Root canal treatment is performed on dead, dying or occasionally vital or live teeth. Sometimes there is an infection of the pulp or tissue (also called the nerve) within the tooth structure.
After treatment it is often advisable to have a crown or similar tooth restoration fitted so as to protect the already compromised tooth and aim to prevent cracking or splitting of the remaining tooth structure.
You can reasonably expect many years of functionality from any tooth treated by a root canal specialist. However, for a tooth to require root canal therapy, it has usually already suffered from decay, wear or trauma – all of which can compromise the structural integrity of the tooth. Hence there are instances in which root canal treatment does not achieve a definitively favourable result. These include:
- problems that arise immediately or shortly after the treatment and those that occur some years later;
- residual infection as a result of inability to effectively remove all the “nerve” tissue due to complexity of the root canal system (e.g. curved roots, accessory canals and additional canals);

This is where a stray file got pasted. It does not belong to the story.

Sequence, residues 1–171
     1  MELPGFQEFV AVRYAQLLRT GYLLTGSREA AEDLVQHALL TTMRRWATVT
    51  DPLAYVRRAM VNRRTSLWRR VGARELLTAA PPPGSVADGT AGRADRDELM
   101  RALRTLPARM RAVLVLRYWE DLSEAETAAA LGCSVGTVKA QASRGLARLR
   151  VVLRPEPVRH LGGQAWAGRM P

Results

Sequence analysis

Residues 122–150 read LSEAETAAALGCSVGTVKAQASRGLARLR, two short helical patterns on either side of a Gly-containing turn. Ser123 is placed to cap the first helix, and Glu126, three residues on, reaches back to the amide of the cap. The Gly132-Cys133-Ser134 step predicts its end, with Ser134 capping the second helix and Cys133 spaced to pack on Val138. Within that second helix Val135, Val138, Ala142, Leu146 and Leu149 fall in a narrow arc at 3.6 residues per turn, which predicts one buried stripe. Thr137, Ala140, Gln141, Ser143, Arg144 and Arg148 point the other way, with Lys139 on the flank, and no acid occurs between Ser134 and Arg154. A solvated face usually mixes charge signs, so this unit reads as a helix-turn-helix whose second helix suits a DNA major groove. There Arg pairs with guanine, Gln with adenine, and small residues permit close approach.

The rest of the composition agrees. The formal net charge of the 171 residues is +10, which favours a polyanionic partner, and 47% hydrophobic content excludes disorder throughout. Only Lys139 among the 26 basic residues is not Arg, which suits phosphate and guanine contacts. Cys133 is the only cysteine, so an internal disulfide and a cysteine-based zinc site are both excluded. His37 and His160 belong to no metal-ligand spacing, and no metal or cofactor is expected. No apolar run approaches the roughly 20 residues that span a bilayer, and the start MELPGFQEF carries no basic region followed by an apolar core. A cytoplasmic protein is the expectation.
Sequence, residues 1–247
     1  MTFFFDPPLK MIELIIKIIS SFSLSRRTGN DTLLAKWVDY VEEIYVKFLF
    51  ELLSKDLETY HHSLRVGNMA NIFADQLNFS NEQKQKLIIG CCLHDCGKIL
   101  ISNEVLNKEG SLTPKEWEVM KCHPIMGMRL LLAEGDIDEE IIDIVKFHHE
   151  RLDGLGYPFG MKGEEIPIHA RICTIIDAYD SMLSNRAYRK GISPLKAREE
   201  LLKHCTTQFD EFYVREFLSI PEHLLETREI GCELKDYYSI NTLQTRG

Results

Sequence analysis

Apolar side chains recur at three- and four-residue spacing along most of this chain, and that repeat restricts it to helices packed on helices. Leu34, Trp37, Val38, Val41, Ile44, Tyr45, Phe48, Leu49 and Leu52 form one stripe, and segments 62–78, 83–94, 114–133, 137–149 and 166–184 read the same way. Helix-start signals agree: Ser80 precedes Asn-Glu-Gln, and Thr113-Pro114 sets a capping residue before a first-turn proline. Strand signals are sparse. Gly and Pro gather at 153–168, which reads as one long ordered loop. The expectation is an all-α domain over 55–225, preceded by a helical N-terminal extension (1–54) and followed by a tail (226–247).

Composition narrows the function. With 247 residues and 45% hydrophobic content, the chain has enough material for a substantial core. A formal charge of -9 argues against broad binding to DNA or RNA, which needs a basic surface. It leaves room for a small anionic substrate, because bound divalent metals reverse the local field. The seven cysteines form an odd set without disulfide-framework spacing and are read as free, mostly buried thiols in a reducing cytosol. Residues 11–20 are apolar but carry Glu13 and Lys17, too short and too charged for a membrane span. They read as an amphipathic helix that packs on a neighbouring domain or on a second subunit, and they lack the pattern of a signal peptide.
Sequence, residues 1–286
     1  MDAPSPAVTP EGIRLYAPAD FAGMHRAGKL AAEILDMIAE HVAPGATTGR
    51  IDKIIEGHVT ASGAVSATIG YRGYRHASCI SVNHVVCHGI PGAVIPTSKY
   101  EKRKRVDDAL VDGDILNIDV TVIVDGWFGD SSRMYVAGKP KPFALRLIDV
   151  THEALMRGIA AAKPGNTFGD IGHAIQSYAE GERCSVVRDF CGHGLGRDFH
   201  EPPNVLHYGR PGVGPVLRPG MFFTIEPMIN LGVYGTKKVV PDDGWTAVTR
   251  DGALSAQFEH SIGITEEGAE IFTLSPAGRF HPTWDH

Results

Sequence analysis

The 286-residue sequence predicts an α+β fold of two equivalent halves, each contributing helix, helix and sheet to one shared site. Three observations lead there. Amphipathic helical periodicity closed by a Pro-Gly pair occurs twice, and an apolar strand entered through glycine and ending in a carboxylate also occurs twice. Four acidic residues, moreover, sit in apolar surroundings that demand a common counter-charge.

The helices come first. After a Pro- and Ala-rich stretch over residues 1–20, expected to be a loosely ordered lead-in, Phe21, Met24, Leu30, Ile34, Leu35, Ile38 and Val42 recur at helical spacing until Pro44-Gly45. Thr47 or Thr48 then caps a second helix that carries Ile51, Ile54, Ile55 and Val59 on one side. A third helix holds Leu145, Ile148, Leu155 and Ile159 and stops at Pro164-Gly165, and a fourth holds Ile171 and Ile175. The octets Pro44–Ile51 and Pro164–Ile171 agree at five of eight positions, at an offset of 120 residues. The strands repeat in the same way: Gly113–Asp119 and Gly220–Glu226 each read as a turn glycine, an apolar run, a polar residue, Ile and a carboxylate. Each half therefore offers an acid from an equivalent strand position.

- a crack or split in the root which often requires removal of the tooth;
- some post-treatment sensitivity or pain from the trauma of treatment or occlusion (or biting) effects if the tooth super-erupts as a result of inflammation. Sometimes excess material escapes into the surrounding tissue.
Problems that can occur some time later are infection or a split in the root or tooth, necessitating its extraction. If the tooth needs extraction at some time in the future then sometimes an implant-supported tooth can be an option.
At Smile Solutions we have general dentists and specialist endodontists all working together under one roof, so we are very well placed to address your immediate and long-term root canal needs, making it our priority to help you understand all possible scenarios and to work towards the most favourable outcome for you.